Animal poaching cases numerous in region

A black bear lying in her den was among dozens of animals that fell victim during a rash of big game

A black bear lying in her den was among dozens of animals that fell victim during a rash of big game poaching that stretched into January, according to the state Department of Environmental Conservation’s Region 5 office.

In all, DEC Region 5 conservation officers arrested 78 people on poaching or related charges between Oct. 27 and Jan. 10.

Charges were lodged in late November against three men the DEC alleges were involved in killing a female black bear inside of her den.

An environmental conservation officer following up on a trespassing complaint in Hamilton County staked out the site in the town of Benson after finding the bear shot dead in its den Nov. 29 — nine days after the latest bear hunting season ended.

The next day, the officer allegedly found suspects cleaning a bait pile and salt licks.

Benjamin I. Van Nostrand, 38, of Northville, was charged with aiding in the illegal take of a bear, a misdemeanor, as well as trespassing while hunting and unlawful feeding of deer, both violations, according to the DEC.

A conviction on these charges comes with maximum penalties of up to a $2,500 fine and a year in jail.

Daniel J. Van Nostrand, 40, of Edinburg, was charged with the illegal killing of bear, a misdemeanor, as well as hunting with the aid of bait, trespassing and failing to tag a bear, all violations. Convictions on these charges yield up to $2,750 in fines and a year in jail, according to the DEC.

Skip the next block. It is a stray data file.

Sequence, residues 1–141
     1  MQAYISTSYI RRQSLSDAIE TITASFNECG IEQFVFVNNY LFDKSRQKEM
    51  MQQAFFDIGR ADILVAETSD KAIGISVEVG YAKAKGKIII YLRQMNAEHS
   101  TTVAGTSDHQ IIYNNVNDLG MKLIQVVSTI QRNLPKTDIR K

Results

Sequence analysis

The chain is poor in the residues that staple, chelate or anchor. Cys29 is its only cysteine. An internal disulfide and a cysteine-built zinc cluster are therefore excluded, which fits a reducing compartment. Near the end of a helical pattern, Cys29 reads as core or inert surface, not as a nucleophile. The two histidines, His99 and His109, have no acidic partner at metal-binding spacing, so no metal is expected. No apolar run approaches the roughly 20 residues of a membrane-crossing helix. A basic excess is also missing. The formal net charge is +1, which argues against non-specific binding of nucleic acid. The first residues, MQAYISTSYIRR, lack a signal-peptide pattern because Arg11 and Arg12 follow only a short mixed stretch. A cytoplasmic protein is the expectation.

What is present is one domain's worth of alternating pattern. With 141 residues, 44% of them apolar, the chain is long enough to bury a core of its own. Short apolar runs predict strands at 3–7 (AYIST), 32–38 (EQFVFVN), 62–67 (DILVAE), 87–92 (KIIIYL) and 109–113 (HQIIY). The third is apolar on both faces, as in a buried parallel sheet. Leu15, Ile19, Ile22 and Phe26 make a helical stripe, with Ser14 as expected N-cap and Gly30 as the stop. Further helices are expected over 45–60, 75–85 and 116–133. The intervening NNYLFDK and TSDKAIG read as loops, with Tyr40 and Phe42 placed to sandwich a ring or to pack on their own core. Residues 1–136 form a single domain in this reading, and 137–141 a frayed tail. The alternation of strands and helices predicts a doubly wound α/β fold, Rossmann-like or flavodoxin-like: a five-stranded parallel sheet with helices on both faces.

Officers allege George J. Van Nostrand, 36, of Northville, was also involved in the poaching. He was charged with trespassing on posted property, a violation punishable with a $250 fine and up to 15 days in jail.

A complaint Jan. 10 drew the interest of two environmental conservation officers who investigated the shooting of a buck at Lindsey’s Orchards in Clifton Park. Officers allege Duane R. Lindsey, 59, of Rexford, shot the antlered deer under the orchard’s nuisance deer permit — a permit that is valid only for deer without antlers.

Lindsey was charged with taking big game out of season and taking deer with the aid of an artificial light, both misdemeanors, as well as violating the terms and conditions of a deer nuisance permit, a violation, according to the DEC.

Convictions on these charges are punishable with a maximum fine of $4,250 and up to two years and 15 days in jail.

Meanwhile, the orchard’s nuisance deer permit was revoked, according to a news release.

Categories: Schenectady County

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